Looks like lots of fans are anxious to hear Paul Simon and Art Garfunkel sing "Bridge Over Troubled Waters" once again. Tickets to their first tour in 20 years are selling like hotcakes, Reuters reports. The opener Oct. 18 in Auburn Hill, Mich., is completely sold out, as are shows in Chicago; St. Paul, Minn.; and San Jose, Calif. Dates in Cleveland and Columbus, Ohio, and in Sacramento and Oakland, Calif., were at a 90 percent sellout, according to Reuters. "We just put Chicago and St. Paul on sale, and they both sold out within minutes," Jerry Mickelson, co-president of Chicago-based promoter Jam Productions told Reuters. "Tickets just blew out so quickly. Demand is huge."
Role Call: Bratt Pounces on Catwoman, Diaz Stung By W.A.S.P.S., Danes Shops 'Til She Drops
Benjamin Bratt has joined Halle Berry in Warner Bros.' Catwoman, a film based on the DC Comics' Batman foe. According to the Hollywood Reporter, Bratt will play Det. Tom Leone, a love interest to Berry's Catwoman. The film also stars Sharon Stone as a villainous cosmetics magnate…meanwhile Angels star Cameron Diaz has signed onto the war drama W.A.S.P.S, being co-produced by actress Mimi Rogers' Millbrook Farm Prods. Variety reports the film follows the first female pilots recruited during WWII…20th Century Fox is giving Steve Martin's novel Shopgirl is the big-screen treatment, with Martin, Claire Danes and Jason Schwartzman attached to star. The film centers on a girl (Danes) who sells gloves and other accessories at Neiman Marcus. Feeling useless in her job and unfulfilled by a romantic relationship, she is bowled over when a rich, divorced older man (Martin) enters her life.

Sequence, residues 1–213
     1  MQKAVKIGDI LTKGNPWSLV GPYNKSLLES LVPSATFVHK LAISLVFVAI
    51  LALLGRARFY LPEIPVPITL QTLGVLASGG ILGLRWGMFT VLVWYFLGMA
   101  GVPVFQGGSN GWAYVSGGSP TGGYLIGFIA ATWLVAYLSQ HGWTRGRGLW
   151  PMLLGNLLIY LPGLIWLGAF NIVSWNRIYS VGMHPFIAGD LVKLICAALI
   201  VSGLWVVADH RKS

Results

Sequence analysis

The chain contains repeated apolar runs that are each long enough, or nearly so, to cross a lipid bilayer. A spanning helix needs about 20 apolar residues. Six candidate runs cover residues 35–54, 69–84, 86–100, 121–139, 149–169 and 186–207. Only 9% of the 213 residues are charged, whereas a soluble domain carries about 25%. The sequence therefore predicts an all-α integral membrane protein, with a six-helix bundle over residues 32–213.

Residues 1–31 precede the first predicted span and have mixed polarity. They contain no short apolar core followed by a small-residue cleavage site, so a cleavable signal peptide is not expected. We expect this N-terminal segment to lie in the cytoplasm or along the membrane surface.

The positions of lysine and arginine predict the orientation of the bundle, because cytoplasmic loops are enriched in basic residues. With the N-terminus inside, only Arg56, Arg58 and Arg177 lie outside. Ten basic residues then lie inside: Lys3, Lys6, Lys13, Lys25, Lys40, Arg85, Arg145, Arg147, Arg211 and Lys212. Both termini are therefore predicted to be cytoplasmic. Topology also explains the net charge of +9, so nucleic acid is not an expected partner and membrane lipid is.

Off-Broadway debut, "High Name Today" (date approximate)
Moved to New York where worked as dishwasher, houseboy, model and Bloomingdale's salesman while studying at Actors Studio
Screen acting debut in "Black Like Me"
Directed, produced and starred in feature film, "Book of Numbers"
Began career as actor, assistant director and fencing director for American Shakespeare Festival, Stratford CT
Performed with Shakespeare festivals in San Diego and New York
First major stage role in Jean Genet's "The Blacks" (Off-Broadway)
Tall, stage-trained actor with a resonant baritone voice who emerged as one of America's premier black performers of the mid-1960s. St. Jacques, who effectively portrayed heroic characters as well as villains, appeared in "The Pawnbroker" (1965) and "The Comedians" (1967) and starred as the cop Coffin Ed Johnson in the action-comedy "Cotton Comes to Harlem" (1970). He originated the first continuing black character on a TV Western as the cattle driver in the series "Rawhide". St. Jacques directed, produced and starred in the 1973 feature "Book of Numbers", a comic drama about racketeering in a small Arkansas town in the 1930s.
"His characters were in distinctive contrast to the mild-mannered roles that Sidney Poitier had been playing. He represented the ideas of black anger, black tension and black rage."--Donald Bogle ("People" Magazine, September 17, 1990)